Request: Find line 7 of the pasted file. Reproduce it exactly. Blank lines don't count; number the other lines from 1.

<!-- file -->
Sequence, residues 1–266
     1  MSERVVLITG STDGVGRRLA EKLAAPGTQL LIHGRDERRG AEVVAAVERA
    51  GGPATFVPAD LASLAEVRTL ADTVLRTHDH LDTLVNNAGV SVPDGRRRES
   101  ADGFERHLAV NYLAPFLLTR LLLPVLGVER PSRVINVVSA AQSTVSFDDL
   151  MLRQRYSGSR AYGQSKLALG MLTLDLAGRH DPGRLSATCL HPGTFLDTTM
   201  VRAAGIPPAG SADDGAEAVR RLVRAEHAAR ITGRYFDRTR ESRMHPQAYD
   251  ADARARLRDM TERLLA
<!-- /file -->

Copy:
   251  ADARARLRDM TERLLA